2009, 451 pages
The Help narrates from the point of view of three women living in 1960s Jackson, Mississippi: Skeeter, a white woman and aspiring writer, and Aibileen and Minny, two black maids. After getting advice from a New York publisher to "Write about what disturbs you, even if it bothers no one else," and hearing from Aibileen that her dead son had wanted to write a book about what it's like to be a black man in Mississippi, Skeeter decides to interview black maids working for white women in Jackson.
I'll admit, I picked up this book more because I felt that I should read it than because I wanted to, but I'm glad I did. It wasn't the fastest or most engrossing book I've read, but I did enjoy the characters and the plot moved quickly enough that I was never disinterested. I really liked that it was told from three different perspectives, because I found myself enjoying reading each of their stories. Stockett did a good job of establishing what it was like for both white and black women in 1960s Mississippi, as well as establishing her narrators and each of their distinct voices. I definitely enjoyed the chapters narrated by Minny the most, but Skeeter and Aibileen were interesting to read about as well.
I was moved by the fact that Aibileen, Minny, and the other black maids were willing to face the danger inherent in talking about their experiences. I at first questioned Skeeter's sincerity, because at the beginning of the book it seemed like she was undertaking the project and putting these women in danger out of a desire to advance her career moreso than to help them, but as the project continues her character evolves as she too faces the consequences of her work. Here's an example:
I read through four of the twenty-five pages, mesmerized by how many laws exist to separate us. Negroes and whites are not allowed to share water fountains, movie houses, public restrooms, ballparks, phone booths, circus shows. Negroes cannot use the same pharmacy or buy postage stamps at the same window as me. I think about Constantine, the time my family took her to Memphis with us and the highway had mostly washed out, but we had to drive straight on through because we knew the hotels wouldn't let her in. I think about how no one in the car would come out and say it. We all know about these laws, we live here, but we don't talk about them. This is the first time I've ever encountered them written down. (p173)In the end, this book was definitely a worthwhile read and provides an interesting perspective on the civil rights movement. I'm glad I picked it up and definitely highly recommend it. Here's one last quote to leave you with:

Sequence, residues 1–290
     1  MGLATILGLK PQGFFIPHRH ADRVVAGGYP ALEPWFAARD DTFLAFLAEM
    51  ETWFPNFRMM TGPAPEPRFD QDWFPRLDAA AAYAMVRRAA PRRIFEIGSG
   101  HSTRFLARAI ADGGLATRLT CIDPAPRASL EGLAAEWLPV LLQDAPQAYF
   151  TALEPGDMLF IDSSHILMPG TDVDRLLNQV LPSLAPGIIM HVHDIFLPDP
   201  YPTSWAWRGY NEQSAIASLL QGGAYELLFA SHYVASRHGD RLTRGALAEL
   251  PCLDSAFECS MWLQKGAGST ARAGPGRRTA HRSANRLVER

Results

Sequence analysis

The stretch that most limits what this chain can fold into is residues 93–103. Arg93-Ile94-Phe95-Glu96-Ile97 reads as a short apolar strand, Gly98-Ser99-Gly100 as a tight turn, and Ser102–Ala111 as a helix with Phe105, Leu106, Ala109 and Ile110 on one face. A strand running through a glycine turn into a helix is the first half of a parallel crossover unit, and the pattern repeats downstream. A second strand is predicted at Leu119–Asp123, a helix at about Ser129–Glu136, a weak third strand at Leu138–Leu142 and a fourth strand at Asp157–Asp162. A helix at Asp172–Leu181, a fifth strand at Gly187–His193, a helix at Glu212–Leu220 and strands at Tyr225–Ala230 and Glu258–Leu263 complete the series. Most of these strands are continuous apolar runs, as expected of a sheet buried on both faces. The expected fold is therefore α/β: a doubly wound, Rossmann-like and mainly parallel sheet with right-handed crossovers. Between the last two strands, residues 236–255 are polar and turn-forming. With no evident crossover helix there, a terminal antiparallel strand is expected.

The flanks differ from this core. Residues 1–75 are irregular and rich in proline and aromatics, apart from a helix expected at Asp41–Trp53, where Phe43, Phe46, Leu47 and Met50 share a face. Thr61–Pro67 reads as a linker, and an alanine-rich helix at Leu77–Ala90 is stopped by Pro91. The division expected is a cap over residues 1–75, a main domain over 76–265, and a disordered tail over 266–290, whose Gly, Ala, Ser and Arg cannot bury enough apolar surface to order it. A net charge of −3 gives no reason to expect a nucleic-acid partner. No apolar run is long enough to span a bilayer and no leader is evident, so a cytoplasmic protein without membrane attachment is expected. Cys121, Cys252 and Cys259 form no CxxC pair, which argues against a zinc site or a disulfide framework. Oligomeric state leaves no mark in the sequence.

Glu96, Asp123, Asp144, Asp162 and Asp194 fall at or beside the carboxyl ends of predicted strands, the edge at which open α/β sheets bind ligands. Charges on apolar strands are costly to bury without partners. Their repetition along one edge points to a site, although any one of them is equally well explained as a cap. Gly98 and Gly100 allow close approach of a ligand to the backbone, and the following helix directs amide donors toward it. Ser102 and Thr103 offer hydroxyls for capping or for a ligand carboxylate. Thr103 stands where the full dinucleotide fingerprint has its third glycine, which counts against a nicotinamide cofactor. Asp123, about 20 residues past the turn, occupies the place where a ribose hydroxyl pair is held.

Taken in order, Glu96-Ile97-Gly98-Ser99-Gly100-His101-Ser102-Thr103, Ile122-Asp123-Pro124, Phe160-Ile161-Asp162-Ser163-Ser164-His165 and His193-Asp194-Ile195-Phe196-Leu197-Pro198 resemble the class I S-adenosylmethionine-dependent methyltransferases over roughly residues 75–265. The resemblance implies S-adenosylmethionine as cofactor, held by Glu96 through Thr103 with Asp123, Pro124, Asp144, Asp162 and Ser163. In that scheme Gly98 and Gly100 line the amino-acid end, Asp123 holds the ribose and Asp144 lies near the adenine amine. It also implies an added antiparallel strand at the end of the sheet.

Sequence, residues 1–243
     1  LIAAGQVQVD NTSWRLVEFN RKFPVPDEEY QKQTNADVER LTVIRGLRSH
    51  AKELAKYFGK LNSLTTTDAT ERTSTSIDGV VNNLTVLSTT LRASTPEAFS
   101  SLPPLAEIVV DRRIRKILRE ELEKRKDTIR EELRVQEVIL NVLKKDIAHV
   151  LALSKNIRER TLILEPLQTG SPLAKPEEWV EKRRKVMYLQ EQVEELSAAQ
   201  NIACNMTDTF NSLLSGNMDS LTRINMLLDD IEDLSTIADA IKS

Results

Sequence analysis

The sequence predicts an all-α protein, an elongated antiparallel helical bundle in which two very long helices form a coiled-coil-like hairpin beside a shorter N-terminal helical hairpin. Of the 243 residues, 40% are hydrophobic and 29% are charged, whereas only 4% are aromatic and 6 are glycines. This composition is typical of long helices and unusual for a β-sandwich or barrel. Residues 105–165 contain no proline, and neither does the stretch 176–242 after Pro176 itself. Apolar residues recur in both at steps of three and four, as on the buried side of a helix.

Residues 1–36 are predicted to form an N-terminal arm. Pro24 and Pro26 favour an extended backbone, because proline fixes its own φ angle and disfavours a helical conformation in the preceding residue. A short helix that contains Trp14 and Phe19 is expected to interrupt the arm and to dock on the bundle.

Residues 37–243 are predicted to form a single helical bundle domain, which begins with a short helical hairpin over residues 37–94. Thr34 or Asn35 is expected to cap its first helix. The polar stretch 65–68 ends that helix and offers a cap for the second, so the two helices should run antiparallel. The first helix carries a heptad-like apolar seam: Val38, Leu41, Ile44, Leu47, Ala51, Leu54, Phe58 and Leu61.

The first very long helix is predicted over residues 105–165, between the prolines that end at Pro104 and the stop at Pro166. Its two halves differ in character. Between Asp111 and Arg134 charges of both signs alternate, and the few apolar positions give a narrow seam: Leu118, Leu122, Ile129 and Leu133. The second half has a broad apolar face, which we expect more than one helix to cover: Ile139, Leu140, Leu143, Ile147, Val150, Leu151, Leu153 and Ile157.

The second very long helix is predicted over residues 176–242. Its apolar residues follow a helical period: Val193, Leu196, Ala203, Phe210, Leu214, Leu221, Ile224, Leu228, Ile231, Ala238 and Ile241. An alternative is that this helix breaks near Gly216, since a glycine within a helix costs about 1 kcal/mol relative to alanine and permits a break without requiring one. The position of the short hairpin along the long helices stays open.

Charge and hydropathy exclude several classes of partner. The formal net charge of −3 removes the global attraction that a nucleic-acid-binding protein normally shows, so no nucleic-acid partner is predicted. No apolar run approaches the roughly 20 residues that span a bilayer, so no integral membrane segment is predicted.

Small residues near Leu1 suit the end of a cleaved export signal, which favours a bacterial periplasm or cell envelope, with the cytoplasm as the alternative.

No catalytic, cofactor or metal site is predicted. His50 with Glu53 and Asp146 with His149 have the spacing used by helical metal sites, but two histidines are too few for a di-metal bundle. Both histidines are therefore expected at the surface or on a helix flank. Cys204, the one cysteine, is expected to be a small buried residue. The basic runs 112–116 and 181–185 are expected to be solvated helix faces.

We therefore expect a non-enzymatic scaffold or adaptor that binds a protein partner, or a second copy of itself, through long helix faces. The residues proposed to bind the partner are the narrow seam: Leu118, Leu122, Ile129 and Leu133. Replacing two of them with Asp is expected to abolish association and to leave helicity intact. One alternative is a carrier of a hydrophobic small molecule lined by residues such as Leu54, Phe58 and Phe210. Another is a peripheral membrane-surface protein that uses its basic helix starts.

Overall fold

Loud voices shout in the street and both our eyes dart toward the window. We are quiet, stock-still. What would happen if someone white found out I was here on a Saturday night talking to Aibileen in her regular clothes? Would they call the police, to report a suspicious meeting? I'm suddenly sure they would. We'd be arrested because that is what they do. They'd charge us with integration violation--I read about it in the paper all time--they despise the whites that meet with the coloreds to help with the civil rights movement. This has nothing to do with integration, but why else would we be meeting?" (P145)